What did you do this year that you enjoyed, that was different from other years? One of the things I did this year was to start to garden.
I’m sure that’s not so different from many other people. Remember March and April, when the pandemic first hit and we had no idea how virulent or contagious this virus was? When we would wipe down groceries and Amazon packages before we brought them into the house? Well, that’s when we set up three plots of vegetables in our backyard. It would be nice, we reasoned, to have food here, in case, well, in case of an apocalypse. We planted easy things to start with: beans, lettuce, kale, tomatoes, cucumber, herbs. I loved the rhythm gardening gave me, in a time when life rhythms were so out of whack: wake up, water the garden, weed, sleep, repeat. Life returned to simple routines and simple pleasures. Gardening offered an island of calm before I had to face the chaos of the day — news full of rising Covid cases, hospitalizations, death.
It is now December. We are in lockdown again. It’s Christmas, and we still can’t see our friends and family. It’s vacation time, and we can’t go anywhere. We have been Zooming all year. And we are tired. We’ve got cabin fever. I get it. It’s been a lonely year for me too. So I’ve been taking comfort in the concept of “fallow.”
What is fallowing? According to the site, Gardening Know How, “Fallow ground, or fallow soil, is simply ground or soil which has been left unplanted for a period of time. In other words, fallow land is land left to rest and regenerate. A field, or several fields, are taken out of crop rotation for a specific period of time, usually one to five years, depending on crop. Fallowing soil is a method of sustainable land management that has been used by farmers for centuries in regions of the Mediterranean, North Africa, Asia and here in the US.” Crop fields benefit from fallowing. Allowing the soil to have a specific rest period gives it time to replenish nutrients which can be leached from certain plants or regular irrigation.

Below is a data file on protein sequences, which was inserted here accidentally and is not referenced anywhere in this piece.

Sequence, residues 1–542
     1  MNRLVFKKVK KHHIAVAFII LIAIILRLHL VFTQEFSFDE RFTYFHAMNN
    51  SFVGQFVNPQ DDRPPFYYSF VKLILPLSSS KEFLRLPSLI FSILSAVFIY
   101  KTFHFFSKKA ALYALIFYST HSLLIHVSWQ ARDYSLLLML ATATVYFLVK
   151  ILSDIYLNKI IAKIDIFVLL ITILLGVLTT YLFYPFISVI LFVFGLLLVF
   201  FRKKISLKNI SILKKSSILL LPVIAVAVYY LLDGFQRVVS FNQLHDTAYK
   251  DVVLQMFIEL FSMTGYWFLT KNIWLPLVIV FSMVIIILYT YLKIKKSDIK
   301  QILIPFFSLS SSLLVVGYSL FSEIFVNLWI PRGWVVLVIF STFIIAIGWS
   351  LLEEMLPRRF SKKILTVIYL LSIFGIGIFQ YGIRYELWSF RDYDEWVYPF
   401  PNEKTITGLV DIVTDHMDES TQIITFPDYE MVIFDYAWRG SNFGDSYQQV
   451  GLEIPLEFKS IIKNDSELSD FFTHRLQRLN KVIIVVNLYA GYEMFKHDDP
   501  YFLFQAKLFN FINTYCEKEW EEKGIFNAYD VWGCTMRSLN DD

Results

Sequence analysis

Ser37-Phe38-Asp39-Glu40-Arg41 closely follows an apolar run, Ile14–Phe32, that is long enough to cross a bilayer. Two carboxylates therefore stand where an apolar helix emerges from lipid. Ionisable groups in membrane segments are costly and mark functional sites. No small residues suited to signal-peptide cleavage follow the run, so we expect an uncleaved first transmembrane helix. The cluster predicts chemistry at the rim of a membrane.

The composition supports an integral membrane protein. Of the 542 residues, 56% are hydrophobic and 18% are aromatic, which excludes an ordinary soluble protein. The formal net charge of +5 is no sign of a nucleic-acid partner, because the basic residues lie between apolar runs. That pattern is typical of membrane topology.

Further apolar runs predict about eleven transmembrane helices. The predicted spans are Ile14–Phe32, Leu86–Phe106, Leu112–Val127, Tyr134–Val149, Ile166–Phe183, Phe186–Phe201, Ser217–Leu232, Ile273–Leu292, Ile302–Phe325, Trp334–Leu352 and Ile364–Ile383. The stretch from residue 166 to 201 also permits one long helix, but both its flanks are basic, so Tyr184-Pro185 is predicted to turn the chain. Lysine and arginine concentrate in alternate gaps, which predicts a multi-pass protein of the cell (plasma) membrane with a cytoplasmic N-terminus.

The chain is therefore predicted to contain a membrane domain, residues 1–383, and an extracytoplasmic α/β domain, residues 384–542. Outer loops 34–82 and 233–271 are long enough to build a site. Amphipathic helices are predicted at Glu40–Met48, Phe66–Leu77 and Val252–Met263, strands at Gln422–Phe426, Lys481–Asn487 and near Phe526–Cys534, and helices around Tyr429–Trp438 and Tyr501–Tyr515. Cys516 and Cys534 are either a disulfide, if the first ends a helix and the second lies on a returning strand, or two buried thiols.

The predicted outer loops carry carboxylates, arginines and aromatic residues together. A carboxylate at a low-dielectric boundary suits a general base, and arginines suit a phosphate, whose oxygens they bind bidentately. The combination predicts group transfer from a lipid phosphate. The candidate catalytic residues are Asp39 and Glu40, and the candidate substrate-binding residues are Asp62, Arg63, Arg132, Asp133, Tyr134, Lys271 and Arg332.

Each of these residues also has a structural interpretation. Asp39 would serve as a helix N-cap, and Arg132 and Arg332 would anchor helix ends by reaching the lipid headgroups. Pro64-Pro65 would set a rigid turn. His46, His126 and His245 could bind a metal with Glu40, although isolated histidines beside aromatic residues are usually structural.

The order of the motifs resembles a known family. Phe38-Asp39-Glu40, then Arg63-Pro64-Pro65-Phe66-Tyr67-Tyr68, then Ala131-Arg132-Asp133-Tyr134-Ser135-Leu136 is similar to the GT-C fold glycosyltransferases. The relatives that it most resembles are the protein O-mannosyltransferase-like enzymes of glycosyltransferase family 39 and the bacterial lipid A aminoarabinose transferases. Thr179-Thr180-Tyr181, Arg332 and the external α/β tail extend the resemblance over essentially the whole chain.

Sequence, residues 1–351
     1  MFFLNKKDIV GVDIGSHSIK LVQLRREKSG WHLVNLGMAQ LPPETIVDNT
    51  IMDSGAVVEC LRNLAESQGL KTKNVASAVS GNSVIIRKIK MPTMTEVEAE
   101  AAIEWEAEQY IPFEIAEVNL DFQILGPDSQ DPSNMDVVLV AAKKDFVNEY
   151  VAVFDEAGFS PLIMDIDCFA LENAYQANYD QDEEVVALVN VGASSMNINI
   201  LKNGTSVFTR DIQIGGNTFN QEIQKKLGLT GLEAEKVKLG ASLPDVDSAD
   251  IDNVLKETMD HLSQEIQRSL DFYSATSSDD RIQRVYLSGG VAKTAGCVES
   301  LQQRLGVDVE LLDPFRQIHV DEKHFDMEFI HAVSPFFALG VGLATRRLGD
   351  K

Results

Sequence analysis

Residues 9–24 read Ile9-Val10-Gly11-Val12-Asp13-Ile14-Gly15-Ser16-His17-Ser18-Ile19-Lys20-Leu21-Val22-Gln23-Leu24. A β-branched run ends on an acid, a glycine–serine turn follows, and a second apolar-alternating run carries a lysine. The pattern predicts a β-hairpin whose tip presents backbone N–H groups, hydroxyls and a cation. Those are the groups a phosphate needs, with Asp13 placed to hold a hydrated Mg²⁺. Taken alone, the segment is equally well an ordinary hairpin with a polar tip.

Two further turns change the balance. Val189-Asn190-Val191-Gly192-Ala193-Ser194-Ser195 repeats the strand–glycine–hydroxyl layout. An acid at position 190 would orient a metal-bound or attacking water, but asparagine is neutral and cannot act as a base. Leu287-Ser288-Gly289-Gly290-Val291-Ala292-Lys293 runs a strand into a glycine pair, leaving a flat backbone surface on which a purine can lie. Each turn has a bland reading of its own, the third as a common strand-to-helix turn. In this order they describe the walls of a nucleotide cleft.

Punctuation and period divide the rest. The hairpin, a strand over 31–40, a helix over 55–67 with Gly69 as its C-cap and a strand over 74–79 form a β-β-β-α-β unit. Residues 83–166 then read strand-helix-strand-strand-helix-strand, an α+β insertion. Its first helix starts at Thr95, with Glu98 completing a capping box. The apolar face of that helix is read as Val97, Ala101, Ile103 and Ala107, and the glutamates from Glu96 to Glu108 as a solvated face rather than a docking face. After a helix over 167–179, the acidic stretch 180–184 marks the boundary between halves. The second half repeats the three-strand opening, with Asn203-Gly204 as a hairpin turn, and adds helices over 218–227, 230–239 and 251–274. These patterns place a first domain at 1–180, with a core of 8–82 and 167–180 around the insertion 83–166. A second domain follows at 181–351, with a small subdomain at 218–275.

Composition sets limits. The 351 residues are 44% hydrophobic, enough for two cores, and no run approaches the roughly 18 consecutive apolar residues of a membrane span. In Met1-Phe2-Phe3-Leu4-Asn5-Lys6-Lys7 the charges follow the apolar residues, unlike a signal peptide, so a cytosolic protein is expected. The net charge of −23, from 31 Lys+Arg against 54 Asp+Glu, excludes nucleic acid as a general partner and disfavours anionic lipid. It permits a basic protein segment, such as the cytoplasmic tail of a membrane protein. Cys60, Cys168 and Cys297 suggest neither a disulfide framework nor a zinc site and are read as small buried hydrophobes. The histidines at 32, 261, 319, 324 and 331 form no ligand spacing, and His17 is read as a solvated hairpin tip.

I think that’s what we are doing. We are retreating from the busyness of our modern lives — the daily commute, the soccer games, the happy hours, the dinner parties. We are re-centering on family — the people closest to us, by blood or by choice. We are taking ourselves out of commission for some period of time. We are resting. We are regenerating. We are allowing inner resources that are buried deep within us a chance replenish and rise to the surface — creativity, clarity, resilience, equanimity, compassion.
Look, no one wishes to be in this position — quarantining again. But life doesn’t always ask you what you want. You have to play the cards you’re dealt. in 2015, we were dealt the “Your son and his best friend have been killed” card. That was a sucky card. This year, we have been dealt the Coronavirus card. So here is what I have been telling myself:
Rest. Don’t fight it. Allow yourself to lie fallow. Allow inner resources you’ve been using all along to replenish. Take in the good air around you — all those good things you’ve taken for granted before the pandemic: birdsong, sunsets, strong coffee, bike rides, Netflix.
I hope you consider the same. I hope you can sit with the idea of sitting fallow. When we come out of this, we’ll be better for having had this rest.